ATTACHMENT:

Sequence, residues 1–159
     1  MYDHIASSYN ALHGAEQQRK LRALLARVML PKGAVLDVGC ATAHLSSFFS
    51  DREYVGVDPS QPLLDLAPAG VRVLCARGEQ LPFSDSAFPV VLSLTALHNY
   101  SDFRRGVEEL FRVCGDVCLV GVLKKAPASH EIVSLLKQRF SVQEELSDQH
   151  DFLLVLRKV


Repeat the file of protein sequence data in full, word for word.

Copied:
Sequence, residues 1–159
     1  MYDHIASSYN ALHGAEQQRK LRALLARVML PKGAVLDVGC ATAHLSSFFS
    51  DREYVGVDPS QPLLDLAPAG VRVLCARGEQ LPFSDSAFPV VLSLTALHNY
   101  SDFRRGVEEL FRVCGDVCLV GVLKKAPASH EIVSLLKQRF SVQEELSDQH
   151  DFLLVLRKV